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i've a jquery script which post/get data to .php script. but i wanna prevent direct access to the php script. for example if the user look at the html source code,they will be able to access the php script directly by copying the url from the js file and i dont want that. how do i prevent users from doing that?? i want the user to use it via the html UI. i've google but found no link on this. however, i did notice that some popular websites are able to do that. how should i go about doing this??

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possible duplicate of Prevent direct access to a PHP page –  Dark Falcon Jan 31 '12 at 14:11

4 Answers 4

up vote 3 down vote accepted

It seems like a simple redirect is what you're looking for here.

Add something like this to the top of your php file. This will prevent the page from being accessed if the proper post has not been made. Of course you'll have to change the post and redirect to content more relevant to your project.

if (!isset($_POST['data'])) {
    header('Location: your-redirect-location');
}

You may also be able to redirect based on the $_SERVER['HTTP_REFERER'] variable.

EDIT: I was going to explain this in a comment but it's too long. I should note that this is a simple solution. It will keep people from accidentally accessing your script. It's really difficult to create a 100% secure solution for your issue, and if somebody really wants to access it, they will be able to. If you don't have anything secure in the script in question, this will be fine. Otherwise, you'll have to look for an alternative.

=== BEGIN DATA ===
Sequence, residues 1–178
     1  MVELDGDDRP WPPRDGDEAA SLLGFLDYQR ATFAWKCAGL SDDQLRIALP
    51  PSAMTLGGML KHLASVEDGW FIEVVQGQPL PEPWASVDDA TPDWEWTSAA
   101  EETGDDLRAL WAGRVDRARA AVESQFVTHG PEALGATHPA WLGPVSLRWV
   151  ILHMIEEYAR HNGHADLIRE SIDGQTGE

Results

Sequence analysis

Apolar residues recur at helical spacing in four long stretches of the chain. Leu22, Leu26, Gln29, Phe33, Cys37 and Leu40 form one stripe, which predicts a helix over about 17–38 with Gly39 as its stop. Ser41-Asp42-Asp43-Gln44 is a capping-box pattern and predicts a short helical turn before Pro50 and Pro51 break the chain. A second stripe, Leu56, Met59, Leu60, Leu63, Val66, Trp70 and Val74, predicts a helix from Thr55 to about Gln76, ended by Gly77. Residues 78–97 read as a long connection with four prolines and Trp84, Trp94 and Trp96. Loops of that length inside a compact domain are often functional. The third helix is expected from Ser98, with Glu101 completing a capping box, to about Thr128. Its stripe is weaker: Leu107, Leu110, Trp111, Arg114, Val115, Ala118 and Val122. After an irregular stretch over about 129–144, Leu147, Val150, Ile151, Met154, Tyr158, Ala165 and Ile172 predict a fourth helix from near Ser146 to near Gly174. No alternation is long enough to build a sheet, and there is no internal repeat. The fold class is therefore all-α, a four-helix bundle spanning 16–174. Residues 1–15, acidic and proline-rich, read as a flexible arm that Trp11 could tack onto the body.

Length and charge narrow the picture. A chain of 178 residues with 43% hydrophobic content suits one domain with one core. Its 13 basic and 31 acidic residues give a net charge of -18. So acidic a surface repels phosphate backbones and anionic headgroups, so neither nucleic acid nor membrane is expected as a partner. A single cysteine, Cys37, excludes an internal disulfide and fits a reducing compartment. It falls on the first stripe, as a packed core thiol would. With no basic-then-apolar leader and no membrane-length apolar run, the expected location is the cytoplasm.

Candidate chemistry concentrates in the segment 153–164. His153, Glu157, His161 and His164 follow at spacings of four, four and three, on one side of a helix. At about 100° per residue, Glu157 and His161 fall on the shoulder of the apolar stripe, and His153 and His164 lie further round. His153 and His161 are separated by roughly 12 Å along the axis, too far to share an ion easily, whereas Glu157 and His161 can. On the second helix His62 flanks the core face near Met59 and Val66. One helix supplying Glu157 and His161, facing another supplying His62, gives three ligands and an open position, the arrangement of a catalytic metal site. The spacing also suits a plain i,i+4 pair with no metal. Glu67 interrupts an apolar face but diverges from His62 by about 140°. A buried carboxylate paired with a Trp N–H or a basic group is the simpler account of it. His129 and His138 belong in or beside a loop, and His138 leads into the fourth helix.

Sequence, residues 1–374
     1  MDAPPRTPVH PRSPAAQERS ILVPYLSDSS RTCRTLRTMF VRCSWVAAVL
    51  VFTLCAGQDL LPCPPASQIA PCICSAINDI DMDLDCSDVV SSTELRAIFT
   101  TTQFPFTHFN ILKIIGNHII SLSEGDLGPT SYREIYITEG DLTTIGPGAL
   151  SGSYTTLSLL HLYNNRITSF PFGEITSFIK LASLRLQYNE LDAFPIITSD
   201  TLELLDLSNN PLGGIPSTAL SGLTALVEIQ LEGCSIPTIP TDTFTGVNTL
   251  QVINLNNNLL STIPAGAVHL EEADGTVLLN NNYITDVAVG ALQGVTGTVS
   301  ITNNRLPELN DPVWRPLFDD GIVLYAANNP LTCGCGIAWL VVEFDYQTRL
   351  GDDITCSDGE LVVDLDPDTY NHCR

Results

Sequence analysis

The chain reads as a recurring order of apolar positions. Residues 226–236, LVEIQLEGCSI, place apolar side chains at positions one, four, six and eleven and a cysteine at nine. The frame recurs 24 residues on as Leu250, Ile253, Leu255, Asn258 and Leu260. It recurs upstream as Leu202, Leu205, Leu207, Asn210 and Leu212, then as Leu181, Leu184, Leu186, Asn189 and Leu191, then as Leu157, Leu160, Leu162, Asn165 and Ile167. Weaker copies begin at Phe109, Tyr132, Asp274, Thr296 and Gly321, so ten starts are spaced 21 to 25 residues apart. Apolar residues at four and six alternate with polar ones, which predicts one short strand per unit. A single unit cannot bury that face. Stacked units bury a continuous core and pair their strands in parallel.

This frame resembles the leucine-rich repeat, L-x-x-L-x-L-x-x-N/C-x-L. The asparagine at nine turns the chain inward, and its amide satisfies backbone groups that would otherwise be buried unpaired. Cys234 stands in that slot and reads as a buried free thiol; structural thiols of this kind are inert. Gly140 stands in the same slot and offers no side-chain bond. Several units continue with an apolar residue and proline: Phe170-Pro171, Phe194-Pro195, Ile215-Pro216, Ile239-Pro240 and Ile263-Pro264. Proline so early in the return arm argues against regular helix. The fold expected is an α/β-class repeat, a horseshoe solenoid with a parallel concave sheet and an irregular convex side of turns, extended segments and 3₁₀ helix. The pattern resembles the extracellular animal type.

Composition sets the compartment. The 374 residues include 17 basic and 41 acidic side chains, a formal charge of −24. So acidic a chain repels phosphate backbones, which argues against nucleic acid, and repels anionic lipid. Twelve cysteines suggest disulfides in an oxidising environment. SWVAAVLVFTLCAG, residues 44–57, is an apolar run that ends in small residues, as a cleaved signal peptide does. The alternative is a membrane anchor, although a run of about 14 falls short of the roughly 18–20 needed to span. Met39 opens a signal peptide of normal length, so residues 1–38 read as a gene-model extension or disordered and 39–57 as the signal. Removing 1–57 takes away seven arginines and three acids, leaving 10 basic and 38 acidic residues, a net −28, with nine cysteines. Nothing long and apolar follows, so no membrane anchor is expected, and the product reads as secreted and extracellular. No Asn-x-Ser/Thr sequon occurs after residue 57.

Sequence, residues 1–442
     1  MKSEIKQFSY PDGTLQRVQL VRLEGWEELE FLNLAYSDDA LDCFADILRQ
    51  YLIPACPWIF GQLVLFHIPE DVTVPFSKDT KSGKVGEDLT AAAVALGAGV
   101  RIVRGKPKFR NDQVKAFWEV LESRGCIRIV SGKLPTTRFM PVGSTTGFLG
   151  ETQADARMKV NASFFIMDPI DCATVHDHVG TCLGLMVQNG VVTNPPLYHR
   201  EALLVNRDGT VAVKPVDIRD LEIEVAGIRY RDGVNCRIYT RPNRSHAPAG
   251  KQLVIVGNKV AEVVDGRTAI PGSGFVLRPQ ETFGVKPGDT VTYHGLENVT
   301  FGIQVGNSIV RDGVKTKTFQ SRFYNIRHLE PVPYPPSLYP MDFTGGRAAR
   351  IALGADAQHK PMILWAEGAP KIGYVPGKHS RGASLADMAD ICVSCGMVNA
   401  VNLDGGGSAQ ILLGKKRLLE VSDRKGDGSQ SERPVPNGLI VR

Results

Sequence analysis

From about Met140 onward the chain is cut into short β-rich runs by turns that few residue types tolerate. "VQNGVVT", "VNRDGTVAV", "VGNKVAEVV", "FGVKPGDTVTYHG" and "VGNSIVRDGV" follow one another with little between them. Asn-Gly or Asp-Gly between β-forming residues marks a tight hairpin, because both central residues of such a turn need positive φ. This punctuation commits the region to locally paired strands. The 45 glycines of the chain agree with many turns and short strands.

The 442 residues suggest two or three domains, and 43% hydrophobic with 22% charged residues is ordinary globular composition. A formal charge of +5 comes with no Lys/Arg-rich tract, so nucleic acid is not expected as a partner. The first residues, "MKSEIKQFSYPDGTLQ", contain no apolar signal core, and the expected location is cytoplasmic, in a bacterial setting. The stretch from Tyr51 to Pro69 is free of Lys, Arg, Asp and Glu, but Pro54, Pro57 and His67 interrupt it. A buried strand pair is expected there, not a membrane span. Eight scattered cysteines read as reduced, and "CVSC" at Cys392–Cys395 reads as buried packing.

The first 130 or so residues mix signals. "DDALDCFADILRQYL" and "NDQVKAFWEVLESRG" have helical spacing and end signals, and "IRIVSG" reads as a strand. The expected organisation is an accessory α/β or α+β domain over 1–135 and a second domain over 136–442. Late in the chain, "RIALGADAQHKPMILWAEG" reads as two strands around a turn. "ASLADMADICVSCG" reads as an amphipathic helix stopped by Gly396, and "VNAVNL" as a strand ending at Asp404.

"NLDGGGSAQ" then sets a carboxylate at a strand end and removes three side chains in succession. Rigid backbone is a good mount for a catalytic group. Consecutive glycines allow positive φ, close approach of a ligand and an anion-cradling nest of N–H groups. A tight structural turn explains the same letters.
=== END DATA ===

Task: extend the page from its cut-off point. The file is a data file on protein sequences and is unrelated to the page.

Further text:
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tks jim u make it easy. i shall do that =) –  nuttynibbles Jan 31 '12 at 14:22

Here is one solution:

<?php
if(isset($_POST["post_var]))
{
//to the code you want to do when the post is made
}
else
{
//do what you want to do when the user views the post page
}
?>
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hey tomi tks. i nv tho of this –  nuttynibbles Jan 31 '12 at 14:22

how do i prevent users from doing that?

You can't - all you can do is mitigate the risk people can fiddle with your script. Making sure you have the right HTTP_REFERER and/or POST data are both useful in that regard: a "malicious" user would need more than pointing her browser to the URL.

More techniques can be used here:

  • using session variables: you might not want users that are not logged in - if applicable - to use the URL.
  • using a one-time challenge (token): you can place a value in the HTML page and have the JS code send this value along with the POST request. You store this value in the session when it is generated. Checking the POSTed token against the session token guarantees the user has at least "seen" the HTML page before submitting data - this can also be useful to prevent duplicate submissions.

However, remember that anything a browser can do, people can do it as well. All these techniques can prevent the curious from doing harm, but not the malicious.

All you can do is making sure nobody can really harm you, and in this regard, your Ajax URL is no different than any other URL of your site: if it's publicly reachable, it has to be secured using whatever technique you already use elsewhere - sessions, user rights, etc.

After all, why should you care that users use this URL not using a browser ? You might want to think of it in terms of an API call that, incidentally, your page happens to use.

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Your problem is similar to and has the same problems as a cross site request forgery.

To reduce your risk, you can check the request method, check the referrer, and check the origin if set. The best way is to have a secret token that was generated on the server that the client transmits back in every request. Since you're dealing with friendly users who have access to your live code, they may be able to debug the script and find the value, but it would only be for one session and would be a real hassle.

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